Roberts said the Netflix service should roll out by Thanksgiving across the Comcast footprint, but didn't discuss financial or other details.

How does he feel about "skinny" pay TV bundles? “I don’t know that that’s really what people want," Roberts said, echoing similar comments from NBCUniversal CEO Steve Burke last week. Some consumers want to pay less, but “I don’t know too many programmers who want to go a la carte” and feel that works for their business, Roberts added.

Burke had also discussed his take on OTT services and NBCUniversal's interest in having its channels on them. “OTT sounds like a better business than in reality it is," he said. He added that the company wants to make at least the same amount in OTT deals as in traditional pay TV deals. "I think OTT is happening. ... But I think it's a pretty challenged business model, and I'd be surprised if it flies out of the gate with a big number," he asserted. He argued that only few people who have a pay TV package with 200 channels would want to pay about $45 or more for just 25 channels.

Comcast and some other big cable operators have had strong pay TV subscriber trends. Comcast recently reported the loss of 4,000 video subscribers in the quarter ended in June, marking its best second-quarter result in more than 10 years. It had added 53,000 pay TV subscribers in the first quarter, marking the first time in two years that the cable giant had grown its video customers for two quarters in a row.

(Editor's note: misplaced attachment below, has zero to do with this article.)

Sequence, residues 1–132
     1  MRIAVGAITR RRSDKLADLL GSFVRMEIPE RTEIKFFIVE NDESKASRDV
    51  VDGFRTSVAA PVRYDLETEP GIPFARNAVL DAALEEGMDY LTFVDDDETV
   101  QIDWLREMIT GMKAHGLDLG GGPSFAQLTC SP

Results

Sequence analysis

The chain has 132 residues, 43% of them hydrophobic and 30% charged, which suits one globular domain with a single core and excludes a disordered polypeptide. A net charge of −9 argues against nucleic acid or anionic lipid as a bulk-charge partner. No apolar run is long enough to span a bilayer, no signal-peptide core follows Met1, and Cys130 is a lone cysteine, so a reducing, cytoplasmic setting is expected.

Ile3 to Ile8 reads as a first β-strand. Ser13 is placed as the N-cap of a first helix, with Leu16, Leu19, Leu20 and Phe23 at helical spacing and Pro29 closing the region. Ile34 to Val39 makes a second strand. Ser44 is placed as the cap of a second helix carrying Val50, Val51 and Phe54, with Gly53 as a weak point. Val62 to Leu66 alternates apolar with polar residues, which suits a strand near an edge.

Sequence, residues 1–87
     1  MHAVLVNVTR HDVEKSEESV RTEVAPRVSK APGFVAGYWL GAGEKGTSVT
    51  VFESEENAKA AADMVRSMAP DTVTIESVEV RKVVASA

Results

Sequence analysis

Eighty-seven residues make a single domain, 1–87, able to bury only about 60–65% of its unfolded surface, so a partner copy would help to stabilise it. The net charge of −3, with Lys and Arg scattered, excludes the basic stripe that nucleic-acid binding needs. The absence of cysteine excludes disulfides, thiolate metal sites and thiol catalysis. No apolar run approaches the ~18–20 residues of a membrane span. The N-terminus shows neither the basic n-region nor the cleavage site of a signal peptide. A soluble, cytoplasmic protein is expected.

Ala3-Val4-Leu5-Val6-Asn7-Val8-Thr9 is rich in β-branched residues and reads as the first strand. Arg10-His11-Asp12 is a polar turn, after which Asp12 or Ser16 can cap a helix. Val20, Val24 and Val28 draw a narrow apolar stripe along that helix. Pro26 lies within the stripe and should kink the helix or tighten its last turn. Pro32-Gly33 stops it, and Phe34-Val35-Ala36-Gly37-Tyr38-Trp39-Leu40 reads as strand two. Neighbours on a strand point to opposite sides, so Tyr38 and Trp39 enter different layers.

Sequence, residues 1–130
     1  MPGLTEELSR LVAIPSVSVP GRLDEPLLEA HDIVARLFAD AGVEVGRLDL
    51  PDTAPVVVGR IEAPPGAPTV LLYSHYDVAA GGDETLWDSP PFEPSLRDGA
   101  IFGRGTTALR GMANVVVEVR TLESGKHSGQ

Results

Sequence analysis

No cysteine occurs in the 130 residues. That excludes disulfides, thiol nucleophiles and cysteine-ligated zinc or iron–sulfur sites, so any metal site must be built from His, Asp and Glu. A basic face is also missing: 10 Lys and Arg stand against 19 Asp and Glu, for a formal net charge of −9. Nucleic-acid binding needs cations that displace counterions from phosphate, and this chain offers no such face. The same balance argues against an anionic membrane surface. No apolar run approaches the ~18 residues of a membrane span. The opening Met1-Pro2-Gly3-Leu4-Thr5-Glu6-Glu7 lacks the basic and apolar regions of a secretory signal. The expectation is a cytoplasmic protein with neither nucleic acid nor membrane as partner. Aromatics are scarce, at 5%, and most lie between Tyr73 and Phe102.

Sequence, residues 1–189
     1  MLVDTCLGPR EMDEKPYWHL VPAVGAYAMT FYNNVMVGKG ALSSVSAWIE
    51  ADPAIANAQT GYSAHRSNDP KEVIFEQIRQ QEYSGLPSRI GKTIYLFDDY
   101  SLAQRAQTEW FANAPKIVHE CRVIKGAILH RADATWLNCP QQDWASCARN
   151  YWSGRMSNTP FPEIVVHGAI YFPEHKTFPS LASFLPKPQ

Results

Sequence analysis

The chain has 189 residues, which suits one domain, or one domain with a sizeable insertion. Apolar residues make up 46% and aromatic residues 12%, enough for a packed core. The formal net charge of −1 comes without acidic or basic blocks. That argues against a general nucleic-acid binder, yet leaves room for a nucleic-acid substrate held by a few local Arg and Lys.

Asked about the reason for Comcast's strength, Roberts said Thursday: "We are very pleased to tell you our momentum is continuing" in video and beyond, because of service, value offered to consumers and other reasons. "The team is doing a great job making our product better."

While he said he couldn't comment on competitors, he added: "I don't think anyone has the scale or the focus." He said the company now has about 10 million voice remotes in Comcast homes and will by year's end have its X1 interactive TV platform in 50 percent of households.

Roberts also said his team was "thrilled" to say it has more than doubled the cash flow at NBCUniversal since buying it a few years ago. He said NBCUniversal's performance across businesses has been "beyond even my own highest expectations."